The key to developing this understanding at all levels of an organization is effective strategic planning communication. When implementing the Balanced Scorecard or any type of strategic plan, the scope of an organization’s internal communication strategy can make or break the efforts.
With communication being such a prominent driver of strategic success, some organizations may find it helpful to develop a communication plan. A solid communication plan ensures information is being disseminated effectively at all levels.
In his book Balanced Scorecard: Step-By-Step for Government and Nonprofit Agencies, Paul Niven outlines common objectives and key elements for developing a internal communication strategy. We’ll walk through both—and then provide you with a four-step plan that will help you better communicate your strategy.
Common Objectives For Your Strategic Plan
- Build awareness of the Balanced Scorecard, or strategic plan, at all levels of the organization
- Provide education on key Balanced Scorecard concepts to all audiences
- Generate the engagement and commitment of key stakeholders in the project
- Encourage participation in the process
- Generate enthusiasm for the Balanced Scorecard and strategic plan
- Ensure that team results are disseminated rapidly and effectively
Key Elements For Your Strategic Plan
When formulating a communication plan, Niven recommends the “W5” approach to determine the key elements of your plan: who, why, what, when, and where.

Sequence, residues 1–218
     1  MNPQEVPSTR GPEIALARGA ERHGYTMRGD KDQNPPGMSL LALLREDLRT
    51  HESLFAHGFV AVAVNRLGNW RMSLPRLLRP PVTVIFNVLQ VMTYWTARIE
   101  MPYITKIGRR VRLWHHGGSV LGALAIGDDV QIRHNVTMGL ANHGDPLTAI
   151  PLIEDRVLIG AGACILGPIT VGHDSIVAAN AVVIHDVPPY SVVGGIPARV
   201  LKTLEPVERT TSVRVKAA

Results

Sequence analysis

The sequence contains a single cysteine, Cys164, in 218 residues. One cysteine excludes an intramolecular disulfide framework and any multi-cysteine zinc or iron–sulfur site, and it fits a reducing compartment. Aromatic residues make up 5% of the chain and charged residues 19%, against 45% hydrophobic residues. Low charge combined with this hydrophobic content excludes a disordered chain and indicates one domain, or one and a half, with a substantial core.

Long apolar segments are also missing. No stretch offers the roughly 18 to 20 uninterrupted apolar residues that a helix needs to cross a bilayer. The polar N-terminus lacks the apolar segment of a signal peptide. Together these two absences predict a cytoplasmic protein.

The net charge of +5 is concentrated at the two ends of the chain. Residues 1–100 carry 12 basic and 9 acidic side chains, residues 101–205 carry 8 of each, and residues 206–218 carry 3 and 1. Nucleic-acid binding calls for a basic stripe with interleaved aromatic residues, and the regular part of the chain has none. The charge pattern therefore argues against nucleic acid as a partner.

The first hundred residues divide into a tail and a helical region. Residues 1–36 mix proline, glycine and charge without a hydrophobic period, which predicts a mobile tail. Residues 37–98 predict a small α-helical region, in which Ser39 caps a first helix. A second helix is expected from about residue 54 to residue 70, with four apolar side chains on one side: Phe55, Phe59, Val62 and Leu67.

Who refers to both the target audience and the communicator. Depending on the scope of your implementation, you should define the appropriate groups to be involved in the process. These groups make up your target audience. After the target audience has been specified, a communicator should be assigned to each group with the task of effectively disseminating the message.
The why and what in this equation can be understood as the purpose or message. The communication plan’s purpose is to convey the original objective behind implementing the plan. This could take the form of a common objective listed above, such as “generate the engagement and commitment of key stakeholders in the project.” What are we doing and why? We are implementing the communication plan to generate engagement and commitment from key stakeholders.
When should you communicate the message? The needs of your target audience will determine the necessary frequency of communication. If you are unsure about the amount of communication needed, it is always better to err on the side of too much. In his article “Leading Change,” John Kotter says, “without credible communication, and a lot of it, employees’ hearts and minds are never captured.”
Where and how are you supposed to communicate? Effective communication often takes a large amount of effort and, more often than not, the message needs to be repeated several times. In order for employees to fully understand the strategy and the ways in which they contribute to success, Dr. Robert Kaplan suggests communicating the plans “seven times in seven ways.” This might mean making use of brochures, speeches, newsletters, videos, company website or intranet, workshops, etc. Any channel that has the ability to reach the target audience could be used; it could even take the form of internal blog posts at your organization.
Communication is a two-way street, so don’t forget to ask for feedback from others and to provide it as well. Remember, communicate effectively and communicate often.
4 Lessons For Better Strategic Communication
Included in the May–June 2007 Balanced Scorecard Report is an article written by business writer Lauren Keller Johnson called “Common Sense in Strategy Communication: Four Lessons from Canon USA.” (This article is available for purchase through the Harvard Business Review store.)